News from QST
News from January 1924 QST
Came into possession of a cache of QST magazines from the mid to late 1920s. They were nearly sent to the recycling bin. Don't have the space to keep them but couldn't bear to see a piece of amateur radio history tossed in the trash. So I carted them home.
Opened up the January 1924 issue and the big news was new records in DX. The first transatlantic QSO between radio amateurs, 1MO and 1XAM in the US working 8AB in France on 100m (2.998mhz). Also was the first transatlantic QSO by anybody on 100m.
New DX phone record from the ship Bowdoin wintering in the Artic during the MacMillian Artic Expedition. 1TS on the ships station WNP had a 15 minute phone QSO with 6CEU in Hawaii. Distance of 4600 miles.
The prize table for the Fourth Transatlantic Tests is announced. Grand Prize is a Grebe 200 watt CW, ICW, Phone transmitter with a value of $1100. A value of $14,500 in 2011 dollars. What was interesting was a part of the Group D Third Place prize. "Remington .22 cal. rifle equipped with Maxim Silencer." Being that Hiram Percy Maxim besides being the president of the ARRL is also the inventor of the firearm silencer and owner of Maxim Silencer Co.. it just makes sense.
In international news the granting of calls letters has reached the letter E in France meaning now over 100 amateurs are authorized to use transmitters. Extremely restrictive rules in Brazil are being loosened so that getting a license for a RECEIVER is now easier. Amateurs there hope to be able to transmit in the near future. Japanese amateur JFWA is hearing US signals on a regular basis and hopes to make the first Japan-US two way contact in the near future.
Then the tidbits.
In the editorial was an admonishment to play by the rules. Don't operate outside of your amateur frequency priviledges. Observe the "Quiet Time" rule of not operating between 8:00 and 10:30pm. Never pirate someone elses call.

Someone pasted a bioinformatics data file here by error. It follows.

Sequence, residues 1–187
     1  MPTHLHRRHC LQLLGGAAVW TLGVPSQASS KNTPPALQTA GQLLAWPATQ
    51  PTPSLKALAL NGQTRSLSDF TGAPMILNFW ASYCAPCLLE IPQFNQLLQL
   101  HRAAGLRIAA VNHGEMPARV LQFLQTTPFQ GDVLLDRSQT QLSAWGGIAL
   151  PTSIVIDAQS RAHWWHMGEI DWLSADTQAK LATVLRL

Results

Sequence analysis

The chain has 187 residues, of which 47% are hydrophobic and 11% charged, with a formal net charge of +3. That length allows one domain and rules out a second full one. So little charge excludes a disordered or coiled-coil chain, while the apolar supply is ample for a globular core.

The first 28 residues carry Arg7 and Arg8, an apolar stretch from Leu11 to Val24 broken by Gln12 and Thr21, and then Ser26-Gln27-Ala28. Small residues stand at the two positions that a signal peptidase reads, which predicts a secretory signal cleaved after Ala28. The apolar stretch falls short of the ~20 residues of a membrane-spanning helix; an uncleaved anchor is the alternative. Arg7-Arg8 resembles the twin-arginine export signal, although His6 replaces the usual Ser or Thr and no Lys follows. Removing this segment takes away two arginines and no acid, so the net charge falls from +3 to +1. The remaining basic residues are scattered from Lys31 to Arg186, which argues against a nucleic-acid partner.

In the "Junior Operator" piece it described what it took to get the amateur radio licenses. Yes plurl. The operators license required a written test on radio theory and regulations. Drawing a complete diagram of an amateur sending and receiving set and explaining the function of each part. Finally a practical test of SENDING and RECEIVING morse code at 10wpm. If you fail any part you had to wait three months before you could retake the tests. Once you passed and your operators license arrives you're still not done. On the back of the license was an "Oath of Secrecy" that had to be signed in front of a notary and the license returned to the Supervisor of Radio for his signature before it became valid. But wait, there's more. Now you can gather details of your station including dimensions of your antenna, power, wavelength used, etc., and file for a station license. Once it passes examination then the station is issued it's call.
-There is a lot of listening. All over the mag was references where this or that was heard. Organized tests are being run to stretch the radio art and it involves listening for signals from different geographic areas.
-Most amateur stations of the era operate around 20w. Having 100w would put you in the big gun category. With that 100w you can just about work from the East Coast to the West Coast. Not quite, but almost.
-Traffic relay is a huge part of the hobby. Being range is typically less than 100 miles for the vast majority of the amateurs it makes sense to have a net set up to pass traffic.
***More to come as I start reading these treasures.***
Pretty cool. Thanks for saving that stuff, and for sharing it with us.
I have a complete set of QST going back to 1915, and I agree that it's great to read the breathless excitement in the pages when records are broken, new discoveries are made, and world events unfold...
Somewhere i have the entire collection of qst from the first issue up until dec 2010. Waiting to pick up the 2011 disc and i will have last year too.